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ORIGINAL ARTICLE
Year : 2020  |  Volume : 9  |  Issue : 1  |  Page : 45

Predictors of long-term mortality after first-ever stroke


1 Department of Statistics and Epidemiology, Faculty of Health Sciences, Tabriz University of Medical Sciences, Tabriz, Iran
2 Healthy Aging Research Centre, Neyshabur University of Medical Sciences, Neyshabur, Iran
3 Neurosciences Research Centre, Imam Reza Hospital, Tabriz University of Medical Sciences, Tabriz, Iran

Correspondence Address:
Dr. Seyed Morteza Shamshirgaran
Healthy Aging Research Centre, Neyshabur University of Medical Sciences, Janbazan Blvd, Razavi Khorasan, Neyshabur
Iran
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Source of Support: None, Conflict of Interest: None


DOI: 10.4103/jehp.jehp_8_19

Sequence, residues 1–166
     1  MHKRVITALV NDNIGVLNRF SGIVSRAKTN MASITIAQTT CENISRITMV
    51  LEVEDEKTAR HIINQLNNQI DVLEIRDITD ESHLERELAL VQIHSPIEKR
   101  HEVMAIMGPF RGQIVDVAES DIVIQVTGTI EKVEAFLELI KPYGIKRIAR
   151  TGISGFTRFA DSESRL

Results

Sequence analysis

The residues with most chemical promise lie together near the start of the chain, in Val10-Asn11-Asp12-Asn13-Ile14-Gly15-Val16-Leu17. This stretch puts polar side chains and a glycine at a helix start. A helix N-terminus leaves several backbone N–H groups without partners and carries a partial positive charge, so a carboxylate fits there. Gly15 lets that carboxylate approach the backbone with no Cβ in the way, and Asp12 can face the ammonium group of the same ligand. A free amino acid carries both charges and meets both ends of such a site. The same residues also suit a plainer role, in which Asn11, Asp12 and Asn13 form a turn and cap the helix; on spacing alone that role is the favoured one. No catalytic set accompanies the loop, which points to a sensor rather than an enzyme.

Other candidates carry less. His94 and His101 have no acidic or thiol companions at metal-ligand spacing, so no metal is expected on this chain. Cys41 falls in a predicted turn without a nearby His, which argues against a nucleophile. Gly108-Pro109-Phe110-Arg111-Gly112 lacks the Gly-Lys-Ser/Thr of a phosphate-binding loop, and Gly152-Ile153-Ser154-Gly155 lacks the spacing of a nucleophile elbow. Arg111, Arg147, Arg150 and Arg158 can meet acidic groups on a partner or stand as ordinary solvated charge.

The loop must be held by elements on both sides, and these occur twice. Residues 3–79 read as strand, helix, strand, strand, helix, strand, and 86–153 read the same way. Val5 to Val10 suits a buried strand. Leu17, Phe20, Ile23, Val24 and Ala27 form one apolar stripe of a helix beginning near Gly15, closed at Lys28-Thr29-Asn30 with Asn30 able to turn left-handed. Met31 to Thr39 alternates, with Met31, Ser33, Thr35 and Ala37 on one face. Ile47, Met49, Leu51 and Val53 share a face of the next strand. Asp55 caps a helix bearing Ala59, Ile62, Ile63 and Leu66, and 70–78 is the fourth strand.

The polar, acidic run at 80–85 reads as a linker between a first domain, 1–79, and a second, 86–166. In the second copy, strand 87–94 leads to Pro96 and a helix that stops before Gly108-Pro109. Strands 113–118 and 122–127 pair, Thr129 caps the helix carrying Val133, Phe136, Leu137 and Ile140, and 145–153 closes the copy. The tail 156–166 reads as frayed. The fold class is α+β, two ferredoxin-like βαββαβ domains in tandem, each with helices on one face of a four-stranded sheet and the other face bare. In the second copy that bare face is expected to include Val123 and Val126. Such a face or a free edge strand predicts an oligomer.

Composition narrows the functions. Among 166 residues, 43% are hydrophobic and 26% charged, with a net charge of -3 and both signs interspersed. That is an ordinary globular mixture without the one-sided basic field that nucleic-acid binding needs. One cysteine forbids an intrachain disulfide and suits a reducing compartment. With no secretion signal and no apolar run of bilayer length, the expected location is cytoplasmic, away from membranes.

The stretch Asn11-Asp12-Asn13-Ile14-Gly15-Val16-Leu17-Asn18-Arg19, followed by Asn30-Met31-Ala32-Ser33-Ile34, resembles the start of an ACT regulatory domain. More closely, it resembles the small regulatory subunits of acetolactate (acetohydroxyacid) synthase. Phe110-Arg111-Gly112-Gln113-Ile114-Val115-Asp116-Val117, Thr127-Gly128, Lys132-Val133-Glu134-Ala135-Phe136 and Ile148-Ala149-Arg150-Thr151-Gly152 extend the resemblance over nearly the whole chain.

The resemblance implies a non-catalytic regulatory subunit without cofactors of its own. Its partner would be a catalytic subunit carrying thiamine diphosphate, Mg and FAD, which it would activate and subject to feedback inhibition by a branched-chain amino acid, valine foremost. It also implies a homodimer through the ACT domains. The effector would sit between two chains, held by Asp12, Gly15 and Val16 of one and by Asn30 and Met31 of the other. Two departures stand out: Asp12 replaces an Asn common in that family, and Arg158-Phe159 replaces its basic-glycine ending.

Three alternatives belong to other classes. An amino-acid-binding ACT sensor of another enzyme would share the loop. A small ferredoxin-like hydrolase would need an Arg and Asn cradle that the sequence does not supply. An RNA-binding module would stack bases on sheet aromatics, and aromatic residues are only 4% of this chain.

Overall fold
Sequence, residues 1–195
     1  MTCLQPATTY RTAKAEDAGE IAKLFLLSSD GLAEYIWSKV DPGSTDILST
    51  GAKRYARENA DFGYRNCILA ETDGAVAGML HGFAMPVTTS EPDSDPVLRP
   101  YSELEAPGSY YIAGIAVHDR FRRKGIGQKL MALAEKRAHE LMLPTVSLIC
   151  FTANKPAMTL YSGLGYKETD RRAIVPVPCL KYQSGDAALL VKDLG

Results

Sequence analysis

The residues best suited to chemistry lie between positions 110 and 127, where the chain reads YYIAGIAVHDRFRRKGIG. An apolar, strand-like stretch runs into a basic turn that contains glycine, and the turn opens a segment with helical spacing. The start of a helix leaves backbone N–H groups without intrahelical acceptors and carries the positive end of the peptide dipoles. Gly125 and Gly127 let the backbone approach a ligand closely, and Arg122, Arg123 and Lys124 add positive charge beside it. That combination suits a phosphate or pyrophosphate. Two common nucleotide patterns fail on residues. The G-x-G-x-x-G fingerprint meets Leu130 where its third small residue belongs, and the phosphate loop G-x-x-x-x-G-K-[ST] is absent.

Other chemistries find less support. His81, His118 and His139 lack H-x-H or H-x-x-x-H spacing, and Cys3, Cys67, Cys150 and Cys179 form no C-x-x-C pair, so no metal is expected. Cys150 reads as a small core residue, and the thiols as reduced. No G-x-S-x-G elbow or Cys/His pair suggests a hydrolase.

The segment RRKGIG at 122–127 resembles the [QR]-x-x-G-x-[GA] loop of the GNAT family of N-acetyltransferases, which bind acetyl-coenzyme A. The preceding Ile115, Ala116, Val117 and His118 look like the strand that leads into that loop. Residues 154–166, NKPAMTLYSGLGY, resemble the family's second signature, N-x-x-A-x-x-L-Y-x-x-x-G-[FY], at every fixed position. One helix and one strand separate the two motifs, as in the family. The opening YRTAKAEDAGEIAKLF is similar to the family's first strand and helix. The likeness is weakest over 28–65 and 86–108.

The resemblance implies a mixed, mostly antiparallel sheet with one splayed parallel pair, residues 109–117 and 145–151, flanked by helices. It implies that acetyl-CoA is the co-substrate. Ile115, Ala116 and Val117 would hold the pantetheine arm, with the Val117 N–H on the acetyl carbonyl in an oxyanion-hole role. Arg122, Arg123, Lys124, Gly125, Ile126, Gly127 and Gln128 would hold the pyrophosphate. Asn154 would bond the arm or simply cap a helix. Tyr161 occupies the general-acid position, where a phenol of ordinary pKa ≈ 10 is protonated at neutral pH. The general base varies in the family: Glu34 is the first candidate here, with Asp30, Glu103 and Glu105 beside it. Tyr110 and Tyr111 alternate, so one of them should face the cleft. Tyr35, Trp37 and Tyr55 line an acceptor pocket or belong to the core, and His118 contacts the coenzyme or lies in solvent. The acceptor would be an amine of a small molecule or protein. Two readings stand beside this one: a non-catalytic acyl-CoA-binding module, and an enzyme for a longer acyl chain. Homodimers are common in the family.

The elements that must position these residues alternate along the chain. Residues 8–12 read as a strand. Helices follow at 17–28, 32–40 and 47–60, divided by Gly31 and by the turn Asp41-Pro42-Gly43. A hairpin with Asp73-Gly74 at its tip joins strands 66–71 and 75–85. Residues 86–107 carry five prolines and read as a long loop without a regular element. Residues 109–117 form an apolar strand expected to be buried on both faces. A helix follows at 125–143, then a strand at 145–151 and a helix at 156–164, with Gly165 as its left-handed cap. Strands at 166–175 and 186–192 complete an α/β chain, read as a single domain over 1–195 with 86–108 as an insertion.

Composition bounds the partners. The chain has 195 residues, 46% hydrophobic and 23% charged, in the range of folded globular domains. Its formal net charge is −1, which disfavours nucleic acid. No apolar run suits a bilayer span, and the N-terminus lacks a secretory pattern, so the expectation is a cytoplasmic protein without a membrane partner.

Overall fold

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BACKGROUND AND OBJECTIVE: Data on the factors affecting long-term mortality following a stroke in Iran are scarce. The current research aimed at investigating the extent of 2-year mortality following a stroke and the factors affecting it in the northwest of Iran. MATERIALS AND METHODS: This prospective cohort study was conducted in Tabriz, Northwest of Iran. Patients with computed tomography/magnetic resonance imaging confirmed the first-ever stroke were included in this study and followed up to 2 years. Clinical examinations, including the severity of the stroke using the modified National Institutes of Health Stroke Scale (mNIHSS), were conducted by a neurologist. The general characteristics, lifestyle factors, and laboratory tests were also completed. To estimate the survival, Kaplan–Meier analysis was used; and for group comparison, the log-rank method was applied. To identify the factors predicting 2-year mortality, semiparametric Cox regression analysis was used. RESULTS: A total of 1036 first-ever stroke patients were included in the present study. The mortality rates of stroke in 6-month, 1-year, and 2-years follow-up periods were 31.6%, 34.5%, and 38%, respectively. The two-year mortality rate was 33.6% in ischemic and 58.7% in hemorrhagic stroke (P < 0.001). In the multivariate Cox model, variables age, type of stroke, diabetes, and severity of the stroke, according to the mNIHSS index, were identified as factors predicting 2-year mortality following the stroke. CONCLUSION: The 2-year mortality following acute stroke was relatively high compared to that of in developed countries. Implementation of secondary prevention is recommended to better management of modifiable predictors of mortality.


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